Free-from, a lable to be deserved
The free-from claim has been around for a few years now and has become a sensational marketing tool, having gone from a niche-market claim for subjects intolerant to specific ingredients to turning into an expression that is synonymous for “healthy food”. The current situation for this claim probably deserves further insight to clarify its meaning.. The recently-published Guidance on Allergen Claims by the British Retail Control and the Food & Drink Federation offers a chance to shed some light.
According to most market research, the free-from claim seems to be driving the purchasing patterns non-intolerant shoppers too. As clearly stated by Stephen Wynne-Jones, editor of European Supermarket Magazine, “…the biggest innovation in free-from has been its gradual extension outside of the category. While free-from foods originated based on the dietary requirements of customers (gluten-intolerant, lactose-intolerant etc.), the current demand for healthier foods is attracting a far wider range of customers. In response, brands have sought to reposition themselves as ‘good for everyone’, and not just for those with a particular intolerance”.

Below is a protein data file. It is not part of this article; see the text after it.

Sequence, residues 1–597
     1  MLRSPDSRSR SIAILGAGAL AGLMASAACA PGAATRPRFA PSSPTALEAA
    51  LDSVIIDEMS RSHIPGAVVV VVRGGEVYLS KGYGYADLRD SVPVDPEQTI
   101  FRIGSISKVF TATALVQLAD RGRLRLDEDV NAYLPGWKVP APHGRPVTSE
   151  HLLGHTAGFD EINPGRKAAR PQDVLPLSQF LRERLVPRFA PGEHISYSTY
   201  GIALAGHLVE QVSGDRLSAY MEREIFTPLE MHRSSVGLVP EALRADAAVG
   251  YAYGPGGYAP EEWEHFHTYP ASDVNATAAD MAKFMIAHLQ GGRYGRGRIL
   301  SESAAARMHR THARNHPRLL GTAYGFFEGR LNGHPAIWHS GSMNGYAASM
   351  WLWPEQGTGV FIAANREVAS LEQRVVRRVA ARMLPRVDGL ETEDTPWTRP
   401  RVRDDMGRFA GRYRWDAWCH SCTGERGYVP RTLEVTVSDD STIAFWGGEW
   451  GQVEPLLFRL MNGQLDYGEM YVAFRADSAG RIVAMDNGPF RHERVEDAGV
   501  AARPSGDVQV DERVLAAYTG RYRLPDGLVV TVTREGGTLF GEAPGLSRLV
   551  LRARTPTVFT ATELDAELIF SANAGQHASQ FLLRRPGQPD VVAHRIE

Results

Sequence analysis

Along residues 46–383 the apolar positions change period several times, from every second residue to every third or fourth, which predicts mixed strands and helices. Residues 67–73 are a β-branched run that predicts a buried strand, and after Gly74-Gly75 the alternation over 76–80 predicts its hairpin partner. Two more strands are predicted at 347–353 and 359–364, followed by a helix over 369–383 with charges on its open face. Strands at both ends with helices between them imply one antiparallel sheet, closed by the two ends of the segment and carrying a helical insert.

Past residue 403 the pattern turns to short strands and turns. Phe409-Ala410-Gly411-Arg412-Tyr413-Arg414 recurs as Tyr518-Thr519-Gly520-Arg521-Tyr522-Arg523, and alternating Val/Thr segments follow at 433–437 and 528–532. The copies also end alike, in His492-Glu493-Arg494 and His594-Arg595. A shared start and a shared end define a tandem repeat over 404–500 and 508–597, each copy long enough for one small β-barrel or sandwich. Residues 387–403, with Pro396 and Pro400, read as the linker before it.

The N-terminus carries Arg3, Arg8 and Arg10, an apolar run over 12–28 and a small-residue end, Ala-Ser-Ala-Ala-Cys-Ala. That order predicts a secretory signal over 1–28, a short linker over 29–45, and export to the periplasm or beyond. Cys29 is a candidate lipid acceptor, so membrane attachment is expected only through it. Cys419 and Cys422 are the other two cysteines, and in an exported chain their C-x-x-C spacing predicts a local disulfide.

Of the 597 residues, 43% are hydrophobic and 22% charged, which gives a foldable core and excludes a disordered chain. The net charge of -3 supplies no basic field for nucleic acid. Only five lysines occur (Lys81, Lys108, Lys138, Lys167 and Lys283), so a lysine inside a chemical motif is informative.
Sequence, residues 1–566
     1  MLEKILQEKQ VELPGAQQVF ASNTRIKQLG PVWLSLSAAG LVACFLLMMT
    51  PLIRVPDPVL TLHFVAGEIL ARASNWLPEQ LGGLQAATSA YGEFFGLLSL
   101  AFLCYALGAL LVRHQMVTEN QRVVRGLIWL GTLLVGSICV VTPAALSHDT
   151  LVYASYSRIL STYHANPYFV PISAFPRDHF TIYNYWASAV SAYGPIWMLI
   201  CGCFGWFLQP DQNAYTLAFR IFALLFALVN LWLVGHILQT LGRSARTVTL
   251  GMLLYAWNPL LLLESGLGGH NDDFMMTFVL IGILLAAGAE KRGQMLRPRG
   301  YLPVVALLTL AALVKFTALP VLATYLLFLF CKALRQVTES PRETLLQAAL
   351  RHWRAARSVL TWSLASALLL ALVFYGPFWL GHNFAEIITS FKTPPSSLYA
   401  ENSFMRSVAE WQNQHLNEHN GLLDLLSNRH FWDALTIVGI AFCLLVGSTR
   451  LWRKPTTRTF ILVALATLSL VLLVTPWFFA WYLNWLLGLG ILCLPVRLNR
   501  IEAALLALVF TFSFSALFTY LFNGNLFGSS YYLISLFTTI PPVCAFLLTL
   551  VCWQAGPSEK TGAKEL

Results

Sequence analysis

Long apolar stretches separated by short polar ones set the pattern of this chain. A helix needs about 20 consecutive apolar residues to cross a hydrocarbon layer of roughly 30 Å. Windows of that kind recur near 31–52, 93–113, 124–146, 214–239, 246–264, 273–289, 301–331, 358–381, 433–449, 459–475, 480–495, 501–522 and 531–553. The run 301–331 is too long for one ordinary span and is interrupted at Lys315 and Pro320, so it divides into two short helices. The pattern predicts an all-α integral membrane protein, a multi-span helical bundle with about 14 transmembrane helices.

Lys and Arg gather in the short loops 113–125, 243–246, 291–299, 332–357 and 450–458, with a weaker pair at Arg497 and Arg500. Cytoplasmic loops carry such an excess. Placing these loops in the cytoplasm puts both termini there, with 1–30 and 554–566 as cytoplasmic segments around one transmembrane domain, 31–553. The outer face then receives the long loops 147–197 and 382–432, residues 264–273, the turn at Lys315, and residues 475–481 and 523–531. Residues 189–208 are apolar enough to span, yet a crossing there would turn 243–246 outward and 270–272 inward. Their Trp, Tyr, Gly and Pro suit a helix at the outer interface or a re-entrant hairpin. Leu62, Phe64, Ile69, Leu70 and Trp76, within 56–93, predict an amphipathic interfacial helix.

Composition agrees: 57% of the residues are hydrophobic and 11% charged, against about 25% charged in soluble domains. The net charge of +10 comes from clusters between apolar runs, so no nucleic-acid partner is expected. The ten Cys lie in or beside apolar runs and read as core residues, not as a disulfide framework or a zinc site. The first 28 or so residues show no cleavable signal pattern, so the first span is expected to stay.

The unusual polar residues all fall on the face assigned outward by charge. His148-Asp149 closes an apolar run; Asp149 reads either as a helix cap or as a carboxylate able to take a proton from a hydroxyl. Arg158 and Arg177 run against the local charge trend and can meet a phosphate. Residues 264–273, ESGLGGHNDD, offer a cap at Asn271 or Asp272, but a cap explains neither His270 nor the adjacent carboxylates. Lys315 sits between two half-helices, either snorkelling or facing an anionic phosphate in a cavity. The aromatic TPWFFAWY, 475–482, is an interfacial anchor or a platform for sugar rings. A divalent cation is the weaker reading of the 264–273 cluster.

The fact that the Free From claim is now perceived like a “healthier food” claim has changed the market of those products: it brought the producers to widen their offer, expanding the range of the products to snacks and drinks and pushed little manufacturers to ride the trend and enter in this market. For those reasons, the free-from products are easily found in mainstream supermarkets and managed as they were in fact products for everyone. This means that there is a real risk that claims advertising these products ar ...